Theo Van Rysselberghe was a Belgian painter, sculptor, and designer who, together with Henry van de Velde, headed the large rank of Belgian artists that adhered to Neo-Impressionism.
Theo Van Rysselberghe was born in Ghent, Belgium in 1862. His quick intellect, passionate and innovative art style, captivated collectors and critics alike. The conviction with which he related his thoughts on painting and art charmed his fellow artists. He co-founded and played an active role in “XX”, a collective of militant avant-garde artists. Inspired by his friendship with Georges Seurat, Van Rysselberghe began experimenting with divisionism and adopted a pointillist style. This distinctive style of painting is characterized by a methodical and scientific technique known as pointillism or divisionism. Pointillism painters juxtaposed small dots of pure color together to maximize luminosity. The dots appeared to intermingle and blend in the spectator's eye. During this period he created his greatest masterpieces. Van Rysselberghe’s striking paintings demonstrate his ability to capture the effects of sunlight on the composition. Upon the death of his great mentor, Seurat, he discarded the pointillist technique and switched to a looser more realistic style.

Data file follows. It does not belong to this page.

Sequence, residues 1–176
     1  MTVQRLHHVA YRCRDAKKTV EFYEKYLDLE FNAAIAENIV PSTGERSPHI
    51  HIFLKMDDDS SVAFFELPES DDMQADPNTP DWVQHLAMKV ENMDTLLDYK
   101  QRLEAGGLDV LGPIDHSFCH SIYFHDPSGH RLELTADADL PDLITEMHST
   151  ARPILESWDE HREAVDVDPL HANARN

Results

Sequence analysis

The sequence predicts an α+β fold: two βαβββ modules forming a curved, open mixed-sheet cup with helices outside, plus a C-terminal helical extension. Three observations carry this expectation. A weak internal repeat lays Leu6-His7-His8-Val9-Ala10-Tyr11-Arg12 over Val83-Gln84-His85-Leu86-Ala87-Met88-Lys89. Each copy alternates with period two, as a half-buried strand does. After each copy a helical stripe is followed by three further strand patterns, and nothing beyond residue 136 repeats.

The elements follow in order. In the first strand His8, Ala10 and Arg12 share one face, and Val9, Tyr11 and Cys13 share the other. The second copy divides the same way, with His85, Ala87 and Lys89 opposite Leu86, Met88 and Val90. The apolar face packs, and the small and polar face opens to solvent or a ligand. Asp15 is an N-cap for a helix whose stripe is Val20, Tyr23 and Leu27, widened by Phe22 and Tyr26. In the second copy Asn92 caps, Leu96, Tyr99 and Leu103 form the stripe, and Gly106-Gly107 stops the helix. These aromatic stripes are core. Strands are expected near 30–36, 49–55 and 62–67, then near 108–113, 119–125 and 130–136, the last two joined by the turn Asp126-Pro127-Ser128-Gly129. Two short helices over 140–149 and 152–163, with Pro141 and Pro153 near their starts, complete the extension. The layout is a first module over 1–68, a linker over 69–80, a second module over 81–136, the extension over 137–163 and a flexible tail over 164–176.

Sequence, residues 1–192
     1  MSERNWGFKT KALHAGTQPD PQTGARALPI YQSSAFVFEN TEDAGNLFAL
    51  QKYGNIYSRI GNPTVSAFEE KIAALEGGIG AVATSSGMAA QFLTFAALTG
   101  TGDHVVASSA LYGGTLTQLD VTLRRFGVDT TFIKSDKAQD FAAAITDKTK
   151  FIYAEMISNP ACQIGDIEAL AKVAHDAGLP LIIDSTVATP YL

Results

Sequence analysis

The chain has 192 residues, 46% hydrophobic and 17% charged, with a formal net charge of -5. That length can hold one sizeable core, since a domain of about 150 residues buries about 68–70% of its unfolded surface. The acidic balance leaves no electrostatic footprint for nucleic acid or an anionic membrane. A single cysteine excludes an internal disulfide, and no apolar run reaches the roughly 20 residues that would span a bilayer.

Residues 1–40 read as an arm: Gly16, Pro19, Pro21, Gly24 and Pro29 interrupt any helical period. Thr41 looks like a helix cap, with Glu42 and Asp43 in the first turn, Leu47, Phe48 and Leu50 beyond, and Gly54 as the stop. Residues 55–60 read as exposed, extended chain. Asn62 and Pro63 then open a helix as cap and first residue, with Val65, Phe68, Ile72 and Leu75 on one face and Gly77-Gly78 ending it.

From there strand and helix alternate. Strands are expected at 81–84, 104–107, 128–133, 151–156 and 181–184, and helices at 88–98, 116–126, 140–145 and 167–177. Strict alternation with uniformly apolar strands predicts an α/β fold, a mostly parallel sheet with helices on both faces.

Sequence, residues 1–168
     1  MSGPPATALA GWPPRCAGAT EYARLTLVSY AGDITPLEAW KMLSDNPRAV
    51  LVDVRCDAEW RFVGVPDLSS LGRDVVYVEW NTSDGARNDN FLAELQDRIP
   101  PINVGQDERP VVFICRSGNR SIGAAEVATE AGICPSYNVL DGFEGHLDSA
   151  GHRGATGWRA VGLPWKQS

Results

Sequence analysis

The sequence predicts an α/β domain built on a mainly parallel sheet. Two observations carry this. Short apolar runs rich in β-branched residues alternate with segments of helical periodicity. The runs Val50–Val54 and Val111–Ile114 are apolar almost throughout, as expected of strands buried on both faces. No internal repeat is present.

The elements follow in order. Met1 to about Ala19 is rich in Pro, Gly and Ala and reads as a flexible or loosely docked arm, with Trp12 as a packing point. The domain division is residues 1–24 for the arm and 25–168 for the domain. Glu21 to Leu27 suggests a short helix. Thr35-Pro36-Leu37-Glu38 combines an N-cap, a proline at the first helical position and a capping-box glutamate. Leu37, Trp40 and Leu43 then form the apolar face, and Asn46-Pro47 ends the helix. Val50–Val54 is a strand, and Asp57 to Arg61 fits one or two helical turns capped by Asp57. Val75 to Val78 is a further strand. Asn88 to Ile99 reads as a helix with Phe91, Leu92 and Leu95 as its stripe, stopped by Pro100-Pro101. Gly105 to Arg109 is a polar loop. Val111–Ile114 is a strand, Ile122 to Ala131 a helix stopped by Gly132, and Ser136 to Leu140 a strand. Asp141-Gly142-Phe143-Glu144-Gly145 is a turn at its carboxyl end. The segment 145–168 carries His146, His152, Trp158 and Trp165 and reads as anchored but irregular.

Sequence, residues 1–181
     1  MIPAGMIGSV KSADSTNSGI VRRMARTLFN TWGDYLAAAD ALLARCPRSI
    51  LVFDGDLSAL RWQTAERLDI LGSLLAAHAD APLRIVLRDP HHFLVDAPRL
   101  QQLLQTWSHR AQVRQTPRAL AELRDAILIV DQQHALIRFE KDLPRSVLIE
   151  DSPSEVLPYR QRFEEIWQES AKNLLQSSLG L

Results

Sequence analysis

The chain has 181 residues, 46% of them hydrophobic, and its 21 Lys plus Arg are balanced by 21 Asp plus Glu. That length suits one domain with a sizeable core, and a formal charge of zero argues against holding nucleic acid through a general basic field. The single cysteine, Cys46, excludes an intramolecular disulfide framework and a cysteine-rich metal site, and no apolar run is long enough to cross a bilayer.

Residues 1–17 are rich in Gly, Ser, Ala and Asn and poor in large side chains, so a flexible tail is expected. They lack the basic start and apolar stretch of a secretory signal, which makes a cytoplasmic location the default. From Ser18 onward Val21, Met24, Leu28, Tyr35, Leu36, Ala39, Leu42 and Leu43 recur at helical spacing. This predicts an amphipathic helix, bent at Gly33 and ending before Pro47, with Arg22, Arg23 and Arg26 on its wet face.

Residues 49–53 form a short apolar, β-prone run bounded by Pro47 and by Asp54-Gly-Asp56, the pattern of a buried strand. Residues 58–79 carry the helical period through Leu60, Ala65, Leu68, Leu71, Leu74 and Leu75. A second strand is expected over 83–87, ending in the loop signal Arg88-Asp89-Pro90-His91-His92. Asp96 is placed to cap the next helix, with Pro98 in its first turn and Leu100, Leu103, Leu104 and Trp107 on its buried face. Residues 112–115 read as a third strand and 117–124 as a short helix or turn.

Pointillist master Paul Signac, Theo Van Rysselberghe college and friend stated "Art is a creation of a higher order than a copy of nature which is governed by chance.... By the elimination of all muddy colors, by the exclusive use of optical mixture of pure colors, by a methodical divisionism and a strict observation of the scientific theory of colors, the neo-impressionists insures a maximum of luminosity, of color intensity, and of harmony- a result that has never yet been obtained."